Being put against tough players

SAMPLE 1: “He believed been put against tough players as Nets’ Karl-Anthony Towns, who completed long distance game with his 3-point 7 of 11, has helped him tremendously.”(Josh Okogie: Going to Tokyo 2020…The Nation, 9 February, 2020)

I draw readers’ attention to the form been which occurs in the following context: “he believed been put against tough players”.  Those familiar with English should know intuitively that the form required in the context is not been but being.

The difference in the form and usage of been and being has occupied our attention repeatedly in this place in the past. Errors such as the ones under consideration are convincing enough to warrant a rehash of the discussion.

To understand the nature of the error, we need to sketch and illustrate the two rules that are here confused. First is the rule of the perfect tense situated in the structure of the passive tense. The perfect tense is of the following nature: have/has/had plus a past participle form of the verb. Let’s read the following sentences: 1) David has written the letter. 2) The girl has spoken the truth. 3) The men have broken their promise. 4) The officers have prepared the report. 5) The boy had released the secret before the warning came. 6) The police had arrested the man before the court order was vacated.

Those are examples of the perfect tense outside the passive structure. The same grammatical principle is maintained in the context of the passive structure. In this case, the structure is of the form: have plus been, where been represents the past participle. Now read the following sentences: 1a) The company has bought new cars (active sentence in the perfect tense) 1b) New cars have been bought by the company (passive sentence in the perfect tense). 2a) The police have arrested the criminal. (active sentence in the perfect tense) 2b) The criminal has been arrested by the police. (passive sentence in the perfect tense) 3a) That transaction has created many fraudulent loopholes. (active sentence in the perfect tense) 3b) Many fraudulent loopholes have been created by that transaction. (passive sentence in the perfect tense) 4a) The central government had constructed numerous roads. (active sentence in the perfect tense.) 4b) Numerous roads had been constructed by the central government. (passive sentence in the perfect tense) 5a) Soldiers have invaded the crisis-torn zone (active sentence in the perfect tense) 5b) The crisis-torn zone has been invaded by soldiers. (passive sentence in the perfect tense) 6a) The library has stocked over six million books. (active sentence in the perfect tense) 6b) Over six million books have been stocked by the library. (passive sentence in the perfect tense)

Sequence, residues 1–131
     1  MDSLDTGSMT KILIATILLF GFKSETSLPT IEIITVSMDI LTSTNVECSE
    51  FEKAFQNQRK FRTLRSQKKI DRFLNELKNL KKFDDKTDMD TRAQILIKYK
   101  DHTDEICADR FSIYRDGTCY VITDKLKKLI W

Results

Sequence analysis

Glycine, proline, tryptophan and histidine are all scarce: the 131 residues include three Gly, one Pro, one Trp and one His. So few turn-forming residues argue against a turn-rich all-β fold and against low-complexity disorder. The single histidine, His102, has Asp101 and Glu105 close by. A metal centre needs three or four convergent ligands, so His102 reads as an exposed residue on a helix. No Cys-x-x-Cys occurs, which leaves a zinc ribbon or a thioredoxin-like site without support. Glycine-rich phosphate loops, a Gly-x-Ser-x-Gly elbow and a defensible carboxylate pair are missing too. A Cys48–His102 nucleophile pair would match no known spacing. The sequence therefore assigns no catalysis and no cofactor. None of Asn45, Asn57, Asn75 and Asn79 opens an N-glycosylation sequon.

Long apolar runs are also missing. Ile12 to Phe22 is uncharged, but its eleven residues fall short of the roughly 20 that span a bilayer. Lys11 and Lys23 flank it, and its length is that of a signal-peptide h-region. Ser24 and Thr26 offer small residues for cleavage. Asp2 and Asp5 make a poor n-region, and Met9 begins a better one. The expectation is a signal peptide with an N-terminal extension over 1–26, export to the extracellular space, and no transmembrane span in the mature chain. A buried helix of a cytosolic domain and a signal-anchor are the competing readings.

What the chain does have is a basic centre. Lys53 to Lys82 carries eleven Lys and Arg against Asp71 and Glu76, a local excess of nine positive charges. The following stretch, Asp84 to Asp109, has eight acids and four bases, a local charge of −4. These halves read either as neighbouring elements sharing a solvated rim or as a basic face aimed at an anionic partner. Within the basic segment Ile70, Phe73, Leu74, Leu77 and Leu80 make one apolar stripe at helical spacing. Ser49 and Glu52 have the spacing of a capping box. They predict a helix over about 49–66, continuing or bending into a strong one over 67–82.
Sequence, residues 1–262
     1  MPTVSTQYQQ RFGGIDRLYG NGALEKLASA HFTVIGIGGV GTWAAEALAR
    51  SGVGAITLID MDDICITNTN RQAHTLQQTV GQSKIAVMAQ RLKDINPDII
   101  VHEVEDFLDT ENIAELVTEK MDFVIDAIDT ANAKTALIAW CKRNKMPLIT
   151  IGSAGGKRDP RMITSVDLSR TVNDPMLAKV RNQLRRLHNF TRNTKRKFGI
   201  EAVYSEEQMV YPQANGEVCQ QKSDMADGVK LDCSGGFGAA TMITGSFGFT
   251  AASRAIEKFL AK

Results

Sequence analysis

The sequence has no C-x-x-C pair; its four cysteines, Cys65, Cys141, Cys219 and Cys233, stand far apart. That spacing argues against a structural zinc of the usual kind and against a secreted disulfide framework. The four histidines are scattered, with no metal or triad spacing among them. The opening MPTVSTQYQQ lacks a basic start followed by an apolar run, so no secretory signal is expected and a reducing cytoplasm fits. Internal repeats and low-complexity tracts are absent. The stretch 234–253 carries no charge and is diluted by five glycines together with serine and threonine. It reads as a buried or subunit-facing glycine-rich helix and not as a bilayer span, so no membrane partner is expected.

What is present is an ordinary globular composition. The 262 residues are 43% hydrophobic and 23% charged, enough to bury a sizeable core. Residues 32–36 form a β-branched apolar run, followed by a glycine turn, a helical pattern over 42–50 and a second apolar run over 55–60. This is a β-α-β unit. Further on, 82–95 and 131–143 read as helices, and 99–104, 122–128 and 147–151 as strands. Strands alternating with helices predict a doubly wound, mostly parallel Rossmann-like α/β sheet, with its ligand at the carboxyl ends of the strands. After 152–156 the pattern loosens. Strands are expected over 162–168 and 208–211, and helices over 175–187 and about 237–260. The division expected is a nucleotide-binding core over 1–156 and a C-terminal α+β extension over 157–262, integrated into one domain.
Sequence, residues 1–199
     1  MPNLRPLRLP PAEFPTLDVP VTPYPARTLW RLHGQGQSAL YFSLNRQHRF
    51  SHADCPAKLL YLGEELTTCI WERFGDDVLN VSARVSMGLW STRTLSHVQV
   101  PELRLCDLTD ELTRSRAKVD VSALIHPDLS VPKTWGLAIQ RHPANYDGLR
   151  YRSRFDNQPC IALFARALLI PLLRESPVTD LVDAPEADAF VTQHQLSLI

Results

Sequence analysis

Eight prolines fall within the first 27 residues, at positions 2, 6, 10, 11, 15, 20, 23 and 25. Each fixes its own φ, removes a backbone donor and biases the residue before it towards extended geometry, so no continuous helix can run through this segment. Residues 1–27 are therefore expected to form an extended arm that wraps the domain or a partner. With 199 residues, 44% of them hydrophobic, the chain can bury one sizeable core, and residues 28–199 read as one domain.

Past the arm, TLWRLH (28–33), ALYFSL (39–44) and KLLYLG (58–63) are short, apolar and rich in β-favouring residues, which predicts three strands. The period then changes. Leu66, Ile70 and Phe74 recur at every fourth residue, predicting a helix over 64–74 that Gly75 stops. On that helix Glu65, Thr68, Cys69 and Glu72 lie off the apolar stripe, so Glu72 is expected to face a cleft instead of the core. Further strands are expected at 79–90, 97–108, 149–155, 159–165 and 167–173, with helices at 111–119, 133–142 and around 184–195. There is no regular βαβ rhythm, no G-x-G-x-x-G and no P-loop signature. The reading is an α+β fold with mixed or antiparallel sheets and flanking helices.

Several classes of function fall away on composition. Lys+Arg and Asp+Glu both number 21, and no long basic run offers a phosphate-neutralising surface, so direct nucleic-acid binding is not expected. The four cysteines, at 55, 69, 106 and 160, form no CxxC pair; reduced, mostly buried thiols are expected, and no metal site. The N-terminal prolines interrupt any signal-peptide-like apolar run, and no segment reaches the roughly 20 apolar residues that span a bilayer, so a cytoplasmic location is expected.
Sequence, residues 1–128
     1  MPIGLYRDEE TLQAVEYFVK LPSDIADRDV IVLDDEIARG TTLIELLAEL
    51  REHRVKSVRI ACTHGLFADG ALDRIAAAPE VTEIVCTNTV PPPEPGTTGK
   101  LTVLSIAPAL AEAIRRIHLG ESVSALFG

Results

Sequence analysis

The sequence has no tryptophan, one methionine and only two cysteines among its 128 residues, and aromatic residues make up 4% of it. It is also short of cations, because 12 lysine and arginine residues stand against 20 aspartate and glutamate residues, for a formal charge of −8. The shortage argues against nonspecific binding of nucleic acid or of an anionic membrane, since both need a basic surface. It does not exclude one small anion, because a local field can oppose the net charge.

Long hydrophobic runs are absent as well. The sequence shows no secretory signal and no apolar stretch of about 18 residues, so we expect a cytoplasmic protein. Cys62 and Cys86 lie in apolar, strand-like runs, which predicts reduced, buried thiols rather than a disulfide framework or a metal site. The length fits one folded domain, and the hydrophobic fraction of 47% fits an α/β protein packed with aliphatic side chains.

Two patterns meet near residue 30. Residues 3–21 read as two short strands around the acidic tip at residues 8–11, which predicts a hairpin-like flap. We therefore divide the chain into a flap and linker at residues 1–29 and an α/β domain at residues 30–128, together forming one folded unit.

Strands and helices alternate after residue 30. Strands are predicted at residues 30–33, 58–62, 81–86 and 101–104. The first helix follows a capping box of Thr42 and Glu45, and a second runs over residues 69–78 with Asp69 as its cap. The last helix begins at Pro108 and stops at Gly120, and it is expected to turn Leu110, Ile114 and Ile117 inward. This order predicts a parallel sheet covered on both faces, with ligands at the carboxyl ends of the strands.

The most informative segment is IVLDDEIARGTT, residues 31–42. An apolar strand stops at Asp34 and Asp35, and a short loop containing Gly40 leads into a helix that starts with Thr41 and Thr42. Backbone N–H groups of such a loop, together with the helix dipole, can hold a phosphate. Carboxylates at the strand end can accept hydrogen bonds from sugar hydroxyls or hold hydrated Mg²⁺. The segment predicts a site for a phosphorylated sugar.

The second rule is that of the continuous or progressive tense. The rule is of the nature: be plus the ing form of the verb (ie is going; was singing; were washing; are training; etc). Let’s read the following sentences: 1a) The church is planning a one-week revival programme. (active sentence in the progressive tense) 1b) A one-week revival programme is being planned by the church. (passive sentence in the progressive tense) 2a) The people were distributing seditious pamphlets. (active sentence in the progressive tense) 2b) Seditious pamphlets were being distributed by the people. (passive sentence in the progressive tense) 3a) The scientists are examining the specimen. (active sentence in the progressive tense) 3b) The specimen is being examined by the scientists. (passive sentence in the progressive tense). 4a) The girl was washing the clothes. (active sentence in the progressive tense) 4b) The clothes were being washed by the girl. (the passive sentence in the progressive tense) 5a) The musician is composing new songs. (active sentence in the progressive tense) 5b) New songs are being composed by the musician. (passive sentence in the progressive tense) 6a) The lecturer is grading the scripts. (active sentence in the progressive tense) 6b) The scripts are being graded by the lecturer. (passive sentence in the progressive tense.)